I love yakitori, but finding good yakitori restaurants can be difficult. Thankfully, friends of ours introduced Mrs. Island Miler and I, to Torikyu.
I love sushi, izakayas, and noodles as much as anyone else, but there’s more to Japanese food than that. Take, for example, yakitori, which is grilled chicken on a stick. But finding places that do it right is easier said than done. Torikyu, however, is one of the better options in Hawaii.
Location + Service
Torikyu’s location is a little tricky. You’ll find them in a small building set back from the street near Pucks Alley. It’s difficult to see from King St., and I passed right by it the first time we went there. And even when you find it, the challenges don’t stop there. You see, Torikyu has a TINY parking lot. If parking isn’t available there, you could park in Pucks Alley and walk over, but even that’s usually crowded.
As far as service goes, I’ve never had an issue here. Orders are filled in a timely fashion, though during peak hours, it can take a while. Oh, and when you place your order, you need to fill out a form rather than verbally tell your server. I think this makes ordering easier, but it is different.
Yakitori + Grilled Items
Torikyu is similar to yakitori restaurants in Japan. On the menu, you’ll find everything from white meat, brown meat, skin, offal, and parts you never knew existed. Other grilled items include vegetables and musubi. I’m partial to dark meat chicken, so that’s all I order.
Chicken wings are a great option, but I wish they’d use more salt. I love those crispy, juicy, meaty morsels, though.
I forget what the middle skewer is, but the bacon wrapped enoki mushrooms are excellent. The chicken skin, not so much. It’s a bit propane-y and could use more salt, which is a bummer.
What is good, though, are the chicken backs (far left). They’re super plump little nuggets of meat that I first discovered when breaking down Costco rotisserie chickens. Chicken tails are also amazing, as they’re little, triangle morsels of meat, fat, and crispy skin.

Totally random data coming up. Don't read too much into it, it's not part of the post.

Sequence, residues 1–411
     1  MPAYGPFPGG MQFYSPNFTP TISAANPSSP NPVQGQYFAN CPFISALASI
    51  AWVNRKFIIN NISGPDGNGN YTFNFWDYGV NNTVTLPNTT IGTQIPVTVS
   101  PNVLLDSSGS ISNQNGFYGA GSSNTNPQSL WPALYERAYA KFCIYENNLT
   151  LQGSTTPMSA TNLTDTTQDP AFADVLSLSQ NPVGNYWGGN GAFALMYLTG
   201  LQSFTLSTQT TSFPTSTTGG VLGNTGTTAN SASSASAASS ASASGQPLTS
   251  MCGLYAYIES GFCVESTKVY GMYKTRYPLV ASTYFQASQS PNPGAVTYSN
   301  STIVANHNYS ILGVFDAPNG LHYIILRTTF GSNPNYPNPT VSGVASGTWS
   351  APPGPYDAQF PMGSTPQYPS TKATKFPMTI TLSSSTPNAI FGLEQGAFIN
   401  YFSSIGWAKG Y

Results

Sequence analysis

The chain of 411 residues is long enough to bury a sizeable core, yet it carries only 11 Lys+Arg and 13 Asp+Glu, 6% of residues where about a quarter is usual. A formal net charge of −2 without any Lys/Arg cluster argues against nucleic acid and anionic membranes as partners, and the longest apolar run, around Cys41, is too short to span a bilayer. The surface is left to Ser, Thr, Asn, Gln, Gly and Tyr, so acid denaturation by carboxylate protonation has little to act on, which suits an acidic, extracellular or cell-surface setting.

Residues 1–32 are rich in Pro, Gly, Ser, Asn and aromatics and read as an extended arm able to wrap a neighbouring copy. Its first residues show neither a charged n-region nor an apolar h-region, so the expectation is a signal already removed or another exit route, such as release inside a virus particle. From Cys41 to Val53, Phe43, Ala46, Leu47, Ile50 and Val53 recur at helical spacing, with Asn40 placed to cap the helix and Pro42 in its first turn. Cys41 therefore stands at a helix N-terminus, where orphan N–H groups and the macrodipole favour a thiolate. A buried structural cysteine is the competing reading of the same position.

Above is a shot of some white meat skewers and sausage that our friends ordered.
Though yakitori is the focus at Torikyu, their menu of other items is longer than the yakitori one. And there’s a lot of excellent items to be had here. As you may recall from my review of Gazen Izakaya, Mrs. Island Miler and I are fans of gyutan (beef tongue). And, Torikyu’s gyutan is wonderful.
Aside from the gyutan, Mrs. Island Miler and I love the Fried Cheese Wontons too.
The wontons are light, crispy, and filled with molten cheddar cheese. So good! The Cold Tofu with Garlic Chili Sauce is something you shouldn’t miss either.
As is often the case with yakitori restaurants, Torikyu even offers a chicken soup ramen. The chicken flavor is very light and the dashi salty, but overall the dish is clean and tasty. The noodles are nicely al dente too, while the quail egg is a nice addition.
Be sure to pay attention to the specials board too. Once I ordered some Ankimo (monkfish liver), which is basically the foie gras of the sea.
And while the Ankimo is good, the Agedashi Mochi. Yup, mochi, not tofu.
Torikyu, Final Thoughts
Torikyu is a great place to grab a bite to eat if you want something a little different. And who doesn’t like grilled chicken, especially on a stick? Plus, the non-yakitori stuff is good too, and controlling your portions are really easy. It’s a very liberal dining experience. But the place is a bit pricey, and remember, parking can be very difficult to find.